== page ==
I have learned one may progress in this way. I have also heard one can indeed "skip around" and do them in any order. I do not think a order is strictly necessary as in the jhanas. In jhana meditation various factors are stripped away in turn, from gross to subtle; it makes sense the subtle can't go before the gross. But while we can order the satipathannas I don't think we need to, much like we can order colors by wavelength but I don't need to see red before I can see blue. For example, I believe I have meditated on feeling without first meditating on body.

My opinion.


On a side note...
Soma Thera wrote:Further, contemplation on the body destroys the delusion of beauty; that on feeling destroys the delusion of pleasure; contemplation on consciousness dispels the delusion of permanence; and that on mental objects, the delusion of the soul.

Bhikkhu Bodhi talks about doing satipathanna in just this way here.
- Peter

Be heedful and you will accomplish your goal.
User avatar
kc2dpt
 
Posts: 956
Joined: Thu Jan 01, 2009 3:48 pm

Re: Satipatthana sequencing

Postby retrofuturist » Fri Jan 30, 2009 1:10 am

Greetings Peter,

Thanks for your thoughts.

Peter wrote:You say "primary" but Soma Thera says "preliminary". Is there perhaps a difference between what Soma Thera said and what you think he said?

He says that in the end you have to master all (as you rightly quoted), but if you read the recommendations, he's pretty insistent that you start with and avidly pursue whichever one best matches your disposition, as discovered through character analysis, teacher recommendation and/or trial-and-error... and that's what I disagree with, largely because 1) the earlier steps help sharpen the mind for the later steps, 2) Each step reveals more penetrative insight than the last, 3) I don't think the Buddha was offering them up as a platter of options, rather a cohesive program.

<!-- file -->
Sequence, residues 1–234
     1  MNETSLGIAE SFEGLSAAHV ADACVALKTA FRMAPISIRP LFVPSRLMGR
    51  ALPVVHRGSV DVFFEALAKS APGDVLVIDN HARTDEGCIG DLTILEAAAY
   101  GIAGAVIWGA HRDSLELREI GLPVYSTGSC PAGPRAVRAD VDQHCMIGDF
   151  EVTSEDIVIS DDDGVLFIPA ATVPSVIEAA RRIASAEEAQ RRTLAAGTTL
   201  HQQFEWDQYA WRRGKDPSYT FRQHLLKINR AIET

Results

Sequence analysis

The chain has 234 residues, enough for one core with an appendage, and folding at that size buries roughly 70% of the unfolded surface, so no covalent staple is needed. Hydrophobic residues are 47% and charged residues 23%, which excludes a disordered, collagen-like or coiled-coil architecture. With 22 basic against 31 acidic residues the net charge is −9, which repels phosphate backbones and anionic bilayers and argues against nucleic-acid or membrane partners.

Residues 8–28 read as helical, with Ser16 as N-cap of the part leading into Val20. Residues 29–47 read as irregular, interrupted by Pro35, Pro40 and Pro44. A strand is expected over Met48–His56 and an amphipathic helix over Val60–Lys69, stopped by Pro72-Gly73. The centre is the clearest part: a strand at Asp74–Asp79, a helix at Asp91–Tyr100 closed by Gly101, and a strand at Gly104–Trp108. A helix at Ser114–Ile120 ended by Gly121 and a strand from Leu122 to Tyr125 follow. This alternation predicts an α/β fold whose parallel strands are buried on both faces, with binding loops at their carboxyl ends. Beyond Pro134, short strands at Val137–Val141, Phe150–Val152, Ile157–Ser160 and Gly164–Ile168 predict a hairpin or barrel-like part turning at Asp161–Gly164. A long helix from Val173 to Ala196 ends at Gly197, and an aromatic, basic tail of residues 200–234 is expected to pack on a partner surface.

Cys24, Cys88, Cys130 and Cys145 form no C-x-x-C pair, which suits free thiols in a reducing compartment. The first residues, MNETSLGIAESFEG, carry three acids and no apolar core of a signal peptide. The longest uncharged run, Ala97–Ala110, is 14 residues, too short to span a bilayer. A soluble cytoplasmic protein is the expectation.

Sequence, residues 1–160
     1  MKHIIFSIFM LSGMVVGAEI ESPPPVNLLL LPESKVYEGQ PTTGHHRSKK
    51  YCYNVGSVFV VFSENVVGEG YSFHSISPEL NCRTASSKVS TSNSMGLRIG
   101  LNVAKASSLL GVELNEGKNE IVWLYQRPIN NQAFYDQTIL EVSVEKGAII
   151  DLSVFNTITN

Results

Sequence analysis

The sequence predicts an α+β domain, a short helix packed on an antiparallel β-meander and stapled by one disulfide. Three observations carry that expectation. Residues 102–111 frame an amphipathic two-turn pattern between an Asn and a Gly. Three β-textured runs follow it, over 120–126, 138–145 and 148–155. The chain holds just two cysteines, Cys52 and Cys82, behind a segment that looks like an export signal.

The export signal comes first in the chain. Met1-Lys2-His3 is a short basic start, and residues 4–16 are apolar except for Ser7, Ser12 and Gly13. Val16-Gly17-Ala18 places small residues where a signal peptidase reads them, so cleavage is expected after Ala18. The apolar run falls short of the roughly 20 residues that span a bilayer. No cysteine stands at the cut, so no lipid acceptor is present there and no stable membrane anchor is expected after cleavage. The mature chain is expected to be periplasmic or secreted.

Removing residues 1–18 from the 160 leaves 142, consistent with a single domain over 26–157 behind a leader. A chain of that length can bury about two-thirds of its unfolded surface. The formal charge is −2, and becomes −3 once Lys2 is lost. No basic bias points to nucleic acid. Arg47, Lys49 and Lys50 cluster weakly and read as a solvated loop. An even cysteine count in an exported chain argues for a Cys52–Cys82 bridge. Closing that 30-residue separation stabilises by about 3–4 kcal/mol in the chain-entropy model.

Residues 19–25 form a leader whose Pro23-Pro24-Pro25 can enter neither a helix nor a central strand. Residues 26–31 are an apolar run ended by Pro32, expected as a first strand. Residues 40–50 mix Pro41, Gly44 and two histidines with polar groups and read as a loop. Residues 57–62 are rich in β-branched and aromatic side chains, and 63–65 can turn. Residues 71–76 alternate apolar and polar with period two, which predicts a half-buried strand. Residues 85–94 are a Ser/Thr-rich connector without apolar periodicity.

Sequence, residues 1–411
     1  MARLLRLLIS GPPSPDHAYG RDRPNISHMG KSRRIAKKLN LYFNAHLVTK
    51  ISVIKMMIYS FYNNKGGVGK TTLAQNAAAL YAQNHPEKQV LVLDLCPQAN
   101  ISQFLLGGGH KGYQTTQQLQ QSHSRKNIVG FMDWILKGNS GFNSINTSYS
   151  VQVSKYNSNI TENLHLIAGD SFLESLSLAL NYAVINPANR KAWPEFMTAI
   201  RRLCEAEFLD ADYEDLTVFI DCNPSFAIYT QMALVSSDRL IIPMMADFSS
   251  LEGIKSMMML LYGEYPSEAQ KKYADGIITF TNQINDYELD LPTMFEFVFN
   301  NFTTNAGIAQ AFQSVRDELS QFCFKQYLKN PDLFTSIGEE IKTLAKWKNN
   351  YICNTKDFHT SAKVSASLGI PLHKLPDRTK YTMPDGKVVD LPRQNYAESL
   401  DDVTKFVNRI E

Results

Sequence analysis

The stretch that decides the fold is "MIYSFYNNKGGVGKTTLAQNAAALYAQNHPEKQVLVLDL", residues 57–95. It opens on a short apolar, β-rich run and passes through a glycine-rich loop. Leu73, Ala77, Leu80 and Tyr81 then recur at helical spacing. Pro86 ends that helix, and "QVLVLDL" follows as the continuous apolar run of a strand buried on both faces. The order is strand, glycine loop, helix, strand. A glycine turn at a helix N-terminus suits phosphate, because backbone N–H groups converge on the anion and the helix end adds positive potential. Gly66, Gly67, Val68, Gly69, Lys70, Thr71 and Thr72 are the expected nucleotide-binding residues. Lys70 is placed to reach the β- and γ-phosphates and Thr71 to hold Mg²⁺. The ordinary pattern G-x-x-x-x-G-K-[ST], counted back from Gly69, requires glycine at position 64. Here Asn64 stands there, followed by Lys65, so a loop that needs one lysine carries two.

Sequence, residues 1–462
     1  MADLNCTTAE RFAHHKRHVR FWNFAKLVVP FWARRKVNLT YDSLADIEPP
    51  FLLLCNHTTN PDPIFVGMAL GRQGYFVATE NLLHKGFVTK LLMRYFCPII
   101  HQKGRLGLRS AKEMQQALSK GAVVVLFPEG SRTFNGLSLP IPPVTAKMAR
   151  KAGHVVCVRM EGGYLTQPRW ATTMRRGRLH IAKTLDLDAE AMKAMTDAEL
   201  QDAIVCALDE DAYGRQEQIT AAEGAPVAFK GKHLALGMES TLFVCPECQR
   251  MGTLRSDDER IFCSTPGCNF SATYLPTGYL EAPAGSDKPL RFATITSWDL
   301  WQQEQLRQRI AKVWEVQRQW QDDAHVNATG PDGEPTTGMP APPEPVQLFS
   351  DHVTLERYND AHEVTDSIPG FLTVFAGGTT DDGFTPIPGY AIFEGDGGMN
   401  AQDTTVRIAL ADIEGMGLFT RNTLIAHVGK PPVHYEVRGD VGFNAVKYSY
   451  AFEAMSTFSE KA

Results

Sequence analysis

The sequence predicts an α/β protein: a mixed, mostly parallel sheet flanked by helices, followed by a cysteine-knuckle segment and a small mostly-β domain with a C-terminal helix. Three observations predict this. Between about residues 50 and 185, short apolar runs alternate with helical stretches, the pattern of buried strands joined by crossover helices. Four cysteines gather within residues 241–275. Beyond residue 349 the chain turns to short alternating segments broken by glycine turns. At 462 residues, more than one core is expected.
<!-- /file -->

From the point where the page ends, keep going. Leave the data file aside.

Peter wrote:
retrofuturist wrote:let's do as he says, and not truncate the practice abnormally.

Is a truncation what is being recommended?.


I think so. If your character type suggests you should just do mindfulness of the body, then you're abnormally truncating the satipatthana program if you are ready and able to proceed to latter stages but intentionally don't.

But while we can order the satipathannas I don't think we need to, much like we can order colors by wavelength but I don't need to see red before I can see blue. For example, I believe I have meditated on feeling without first meditating on body.


I agree, but my opinion (based on experience, not suttas per se, even though it's compatible with teachings on hindrances and the enlightenment factors) is that it will only be effective if your mind was already sufficiently stable, sharp and pliant to be able to do it. Otherwise there'll be too much papanca going on and it will be difficult to achieve the required level of concentration.

Metta,
Retro. :)
If you have asked me of the origination of unease, then I shall explain it to you in accordance with my understanding:
Whatever various forms of unease there are in the world, They originate founded in encumbering accumulation. (Pārāyanavagga)